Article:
district, however, for fourteen years in the national Congress.
Through the Wadsworths and Bartletts, the poet could trace his descent to not less than four of the Mayflower
pilgrims, including Elder Brewster
and Captain John Alden
, the poet's grandfather, is described as having been ‘a fine-looking gentleman with the bearing of the old school; an erect, portly figure, rather tall; wearing, almost to the close of his life, the old-style dress,—long skirted waistcoat, small-clothes, and white-topped boots, his hair tied behind in a club, with black ribbon.’
was described by his daughter as ‘a man of middle size, well proportioned, with a military air, and who carried himself so truly that men thought him tall.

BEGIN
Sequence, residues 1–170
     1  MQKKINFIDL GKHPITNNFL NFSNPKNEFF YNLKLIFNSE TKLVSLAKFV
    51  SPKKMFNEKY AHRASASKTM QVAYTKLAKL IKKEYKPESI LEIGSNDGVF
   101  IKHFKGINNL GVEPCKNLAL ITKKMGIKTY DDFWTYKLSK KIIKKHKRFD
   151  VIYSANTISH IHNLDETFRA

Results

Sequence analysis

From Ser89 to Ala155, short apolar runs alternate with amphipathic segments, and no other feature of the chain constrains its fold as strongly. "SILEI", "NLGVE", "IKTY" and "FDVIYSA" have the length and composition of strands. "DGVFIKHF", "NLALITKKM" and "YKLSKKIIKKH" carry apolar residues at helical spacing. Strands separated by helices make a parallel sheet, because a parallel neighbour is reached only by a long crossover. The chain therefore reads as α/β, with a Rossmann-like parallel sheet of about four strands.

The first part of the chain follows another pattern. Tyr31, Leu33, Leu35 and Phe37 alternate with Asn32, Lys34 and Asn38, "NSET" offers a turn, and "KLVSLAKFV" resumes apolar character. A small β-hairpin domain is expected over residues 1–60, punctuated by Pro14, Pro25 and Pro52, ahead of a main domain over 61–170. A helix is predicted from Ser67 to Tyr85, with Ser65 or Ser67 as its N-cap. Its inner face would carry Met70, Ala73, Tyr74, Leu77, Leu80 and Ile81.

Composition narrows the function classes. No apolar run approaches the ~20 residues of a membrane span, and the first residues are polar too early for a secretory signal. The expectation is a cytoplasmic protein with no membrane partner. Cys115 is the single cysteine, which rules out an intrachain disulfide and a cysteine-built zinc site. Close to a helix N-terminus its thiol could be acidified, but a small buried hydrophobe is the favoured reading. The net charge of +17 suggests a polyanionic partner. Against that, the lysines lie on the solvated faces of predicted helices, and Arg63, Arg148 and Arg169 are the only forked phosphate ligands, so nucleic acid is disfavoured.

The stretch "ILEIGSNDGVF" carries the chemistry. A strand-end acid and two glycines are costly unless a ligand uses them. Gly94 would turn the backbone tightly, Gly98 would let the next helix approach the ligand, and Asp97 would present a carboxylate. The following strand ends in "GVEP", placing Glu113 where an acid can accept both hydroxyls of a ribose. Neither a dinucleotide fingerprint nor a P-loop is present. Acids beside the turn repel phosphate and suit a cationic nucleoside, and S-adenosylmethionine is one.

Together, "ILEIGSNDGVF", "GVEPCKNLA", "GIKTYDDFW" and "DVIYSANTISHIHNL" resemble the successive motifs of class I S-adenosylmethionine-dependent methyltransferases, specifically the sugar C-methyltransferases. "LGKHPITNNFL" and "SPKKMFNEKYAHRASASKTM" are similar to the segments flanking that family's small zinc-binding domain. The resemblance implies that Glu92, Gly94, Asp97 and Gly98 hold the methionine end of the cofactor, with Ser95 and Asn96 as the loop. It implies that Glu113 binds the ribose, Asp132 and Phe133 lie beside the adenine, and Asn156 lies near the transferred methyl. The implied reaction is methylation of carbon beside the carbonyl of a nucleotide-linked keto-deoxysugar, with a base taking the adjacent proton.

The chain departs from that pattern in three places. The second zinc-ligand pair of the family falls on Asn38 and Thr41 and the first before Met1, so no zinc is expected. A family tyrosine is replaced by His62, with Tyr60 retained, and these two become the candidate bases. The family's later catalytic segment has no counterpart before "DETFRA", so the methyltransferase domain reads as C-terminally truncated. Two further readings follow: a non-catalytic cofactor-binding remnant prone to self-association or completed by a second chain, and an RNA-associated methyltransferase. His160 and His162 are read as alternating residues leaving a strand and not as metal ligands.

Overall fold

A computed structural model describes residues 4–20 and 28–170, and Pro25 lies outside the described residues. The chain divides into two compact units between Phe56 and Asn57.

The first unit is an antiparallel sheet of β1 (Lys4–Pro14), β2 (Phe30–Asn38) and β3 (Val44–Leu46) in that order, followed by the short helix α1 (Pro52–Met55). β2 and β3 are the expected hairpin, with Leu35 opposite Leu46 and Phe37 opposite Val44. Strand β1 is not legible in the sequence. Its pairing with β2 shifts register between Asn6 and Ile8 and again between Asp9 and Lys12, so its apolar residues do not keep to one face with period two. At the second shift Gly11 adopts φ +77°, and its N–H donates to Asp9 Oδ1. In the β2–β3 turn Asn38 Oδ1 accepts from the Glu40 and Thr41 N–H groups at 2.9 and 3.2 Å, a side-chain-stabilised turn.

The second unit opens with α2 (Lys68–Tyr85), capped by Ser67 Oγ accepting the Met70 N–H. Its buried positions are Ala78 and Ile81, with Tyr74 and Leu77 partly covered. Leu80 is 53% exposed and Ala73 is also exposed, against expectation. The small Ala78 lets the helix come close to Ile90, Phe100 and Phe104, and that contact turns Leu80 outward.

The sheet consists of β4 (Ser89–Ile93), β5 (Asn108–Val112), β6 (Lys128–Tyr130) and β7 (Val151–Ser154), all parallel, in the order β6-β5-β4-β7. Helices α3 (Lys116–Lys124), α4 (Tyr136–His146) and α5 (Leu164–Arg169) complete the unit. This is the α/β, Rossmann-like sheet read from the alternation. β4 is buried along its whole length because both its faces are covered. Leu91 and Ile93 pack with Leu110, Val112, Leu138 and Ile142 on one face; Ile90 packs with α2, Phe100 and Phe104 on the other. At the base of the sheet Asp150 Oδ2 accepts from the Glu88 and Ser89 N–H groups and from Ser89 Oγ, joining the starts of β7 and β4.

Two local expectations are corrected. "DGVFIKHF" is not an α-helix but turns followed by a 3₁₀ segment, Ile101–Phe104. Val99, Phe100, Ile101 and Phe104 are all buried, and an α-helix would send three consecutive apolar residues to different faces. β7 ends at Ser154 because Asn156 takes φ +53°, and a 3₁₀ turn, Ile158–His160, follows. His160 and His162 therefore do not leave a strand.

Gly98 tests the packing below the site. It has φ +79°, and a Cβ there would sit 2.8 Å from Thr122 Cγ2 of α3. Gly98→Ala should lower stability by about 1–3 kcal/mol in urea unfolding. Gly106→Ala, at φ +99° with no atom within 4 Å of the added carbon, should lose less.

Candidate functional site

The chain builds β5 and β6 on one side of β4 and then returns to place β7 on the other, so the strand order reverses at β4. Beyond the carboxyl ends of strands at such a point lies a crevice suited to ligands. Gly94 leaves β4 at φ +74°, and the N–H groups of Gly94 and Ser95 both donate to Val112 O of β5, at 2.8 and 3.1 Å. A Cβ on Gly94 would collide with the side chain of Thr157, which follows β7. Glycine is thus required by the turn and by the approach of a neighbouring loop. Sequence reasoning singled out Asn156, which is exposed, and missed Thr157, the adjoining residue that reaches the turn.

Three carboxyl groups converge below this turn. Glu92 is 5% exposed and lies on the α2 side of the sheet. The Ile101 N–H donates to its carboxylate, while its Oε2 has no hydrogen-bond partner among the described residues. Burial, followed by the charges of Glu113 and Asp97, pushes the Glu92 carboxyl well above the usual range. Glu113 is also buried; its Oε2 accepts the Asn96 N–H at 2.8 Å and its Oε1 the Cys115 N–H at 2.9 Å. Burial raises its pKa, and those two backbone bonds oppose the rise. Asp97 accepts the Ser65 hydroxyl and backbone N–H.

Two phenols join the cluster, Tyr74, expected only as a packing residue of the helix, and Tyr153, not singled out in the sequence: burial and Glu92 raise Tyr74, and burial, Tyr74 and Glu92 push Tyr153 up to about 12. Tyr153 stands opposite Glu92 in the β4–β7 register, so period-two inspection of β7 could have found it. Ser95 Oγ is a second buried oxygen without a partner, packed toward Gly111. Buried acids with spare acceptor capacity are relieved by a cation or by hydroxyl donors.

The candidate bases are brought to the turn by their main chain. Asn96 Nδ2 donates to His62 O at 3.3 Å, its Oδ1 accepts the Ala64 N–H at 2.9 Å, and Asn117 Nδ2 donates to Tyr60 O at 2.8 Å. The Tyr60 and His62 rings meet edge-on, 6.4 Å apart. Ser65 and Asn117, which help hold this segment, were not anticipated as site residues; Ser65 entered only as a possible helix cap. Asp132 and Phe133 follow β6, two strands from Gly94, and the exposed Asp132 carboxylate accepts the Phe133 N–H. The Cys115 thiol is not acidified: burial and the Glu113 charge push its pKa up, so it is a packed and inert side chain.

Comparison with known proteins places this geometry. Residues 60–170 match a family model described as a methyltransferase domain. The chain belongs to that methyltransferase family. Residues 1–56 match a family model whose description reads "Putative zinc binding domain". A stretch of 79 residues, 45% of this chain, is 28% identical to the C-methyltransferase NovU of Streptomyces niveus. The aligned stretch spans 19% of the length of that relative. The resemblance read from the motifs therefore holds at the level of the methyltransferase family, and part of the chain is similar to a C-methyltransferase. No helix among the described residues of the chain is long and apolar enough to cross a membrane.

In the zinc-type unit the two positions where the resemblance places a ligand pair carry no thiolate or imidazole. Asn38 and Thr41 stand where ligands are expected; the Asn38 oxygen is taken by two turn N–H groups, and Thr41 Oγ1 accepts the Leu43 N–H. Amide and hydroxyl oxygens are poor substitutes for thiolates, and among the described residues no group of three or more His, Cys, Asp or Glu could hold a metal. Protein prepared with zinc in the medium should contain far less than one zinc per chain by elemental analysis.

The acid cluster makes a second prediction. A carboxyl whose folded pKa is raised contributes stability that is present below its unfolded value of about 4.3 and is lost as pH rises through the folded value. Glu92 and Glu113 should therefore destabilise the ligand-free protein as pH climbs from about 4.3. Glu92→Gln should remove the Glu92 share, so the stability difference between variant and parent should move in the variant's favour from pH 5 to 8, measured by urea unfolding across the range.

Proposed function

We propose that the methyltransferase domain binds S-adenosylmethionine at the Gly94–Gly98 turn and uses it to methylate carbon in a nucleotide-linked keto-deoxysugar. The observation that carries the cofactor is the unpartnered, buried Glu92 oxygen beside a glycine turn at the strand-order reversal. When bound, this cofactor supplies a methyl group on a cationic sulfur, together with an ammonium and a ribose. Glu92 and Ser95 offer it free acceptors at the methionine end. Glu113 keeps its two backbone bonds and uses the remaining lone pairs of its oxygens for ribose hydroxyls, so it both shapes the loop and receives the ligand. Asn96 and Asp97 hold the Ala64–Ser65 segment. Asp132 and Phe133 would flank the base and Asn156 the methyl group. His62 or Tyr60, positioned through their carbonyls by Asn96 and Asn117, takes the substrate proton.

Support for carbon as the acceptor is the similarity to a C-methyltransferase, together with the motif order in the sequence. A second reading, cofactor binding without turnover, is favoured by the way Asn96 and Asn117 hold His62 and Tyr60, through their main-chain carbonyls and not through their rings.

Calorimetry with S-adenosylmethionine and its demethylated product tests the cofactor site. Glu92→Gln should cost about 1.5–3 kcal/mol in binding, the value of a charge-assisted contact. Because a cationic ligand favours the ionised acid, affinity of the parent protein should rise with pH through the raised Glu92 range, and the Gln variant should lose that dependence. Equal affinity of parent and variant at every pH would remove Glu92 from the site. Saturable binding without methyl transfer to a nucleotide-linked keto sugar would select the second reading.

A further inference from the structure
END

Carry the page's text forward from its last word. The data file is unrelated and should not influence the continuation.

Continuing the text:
His dress a bright scarlet coat, buff small-clothes and vest, full ruffled bosom, ruffles over the hands, white stockings, shoes with silver buckles, white cravat with bow in front, hair well powdered and tied behind in a club, so called.’
The poet was eminently well descended, both on the father's and mother's side, according to the simple provincial standard of those days.
and his young wife lived for a time in a brick house built by General Wadsworth
, and still known as ‘the Longfellow house
;’ but it was during a temporary